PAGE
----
The number one job skill of the 21st century is the ability to build and keep working relationships. Since you are likely to change jobs several times during the course of your career, developing and maintaining a network of relationships is very important. The best and easiest place to start building your network is at the office.
Every day you make personal contacts and connections with the people you work with. Each person in your office, from the head honcho to the newest recruit has the potential to help your career. It might be that your co-worker’s mom works at the company you would love to work for someday. Do not count anyone out—they may just be that valuable business contact for you in the future!
Forging the right kind of relationships at work is imperative to on-the-job success. Here is a breakdown of the relationships you should be nurturing at work and how you can leverage them for career growth.
- Your boss: How well you succeed and grow within your career depends a great deal on your boss. Your boss can decide to let you handle major clients and accounts, or give you that great performance review, salary boost or promotion. Your boss can be your mentor too. He or she can give you the experience that is beneficial to your career path, the guidance and direction to learn and grow in your job, and show you the door to opportunity. Needless to say, the relationship with your boss is the most valuable relationship to your career!
- One way to leverage the relationship with your boss is to make your boss look good. You can do that through strong job performance, taking on high profile assignments, and helping out in other departments.
- A second (and very important) way is to interact with your boss on a personal level too. Learn about his or her family, hobbies, etc. Ask your boss to lunch once in a while. It’s easy to get stuck in your daily work routine—but the hour spent away from the office can be imperative to your on-the-job success.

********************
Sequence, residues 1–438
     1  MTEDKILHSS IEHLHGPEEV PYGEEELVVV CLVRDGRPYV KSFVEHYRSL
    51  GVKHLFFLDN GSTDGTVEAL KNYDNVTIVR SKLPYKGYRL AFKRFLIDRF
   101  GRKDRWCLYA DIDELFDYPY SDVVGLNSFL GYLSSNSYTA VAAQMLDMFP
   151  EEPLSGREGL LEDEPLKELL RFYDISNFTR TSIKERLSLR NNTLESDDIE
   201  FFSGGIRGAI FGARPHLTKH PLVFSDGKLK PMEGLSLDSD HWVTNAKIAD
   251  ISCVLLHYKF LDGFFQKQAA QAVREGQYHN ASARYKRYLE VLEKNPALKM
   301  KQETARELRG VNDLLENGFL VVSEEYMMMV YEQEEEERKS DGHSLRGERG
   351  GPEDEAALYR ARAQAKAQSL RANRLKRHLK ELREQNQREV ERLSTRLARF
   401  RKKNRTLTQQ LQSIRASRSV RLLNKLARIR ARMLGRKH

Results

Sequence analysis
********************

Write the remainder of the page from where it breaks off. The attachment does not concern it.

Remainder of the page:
- Co-workers: The colleagues that you work with everyday are valuable to you, and to make the most of the relationship you should be valuable to them as well. Lend an extra hand when they are in a crunch at work. Compliment them on jobs well done. Get to know your co-workers and be genuinely interested. Ask them to lunch or for drinks after work—time away from the office to get to know them on a different level. As you and your colleagues move on and grow in your careers, they may become some of your best networking connections.
- Clients: A satisfied client may just call on you in the future when they are looking for someone to hire or they can put a good word in for you with your boss if you are trying to move up within your own company. Be someone they can depend on and go the extra mile for them when necessary.
Being connected with people at work not only helps you help get ahead in your career, but it also makes the workplace a more enjoyable environment for you on a daily basis. The time is now to start building relationships and reaping the rewards at the workplace.Top 3 Reasons It Is Important to Get Along with Co-Workers: Getting Along with Your Manager, Coworkers and Clients by Harrison Barnes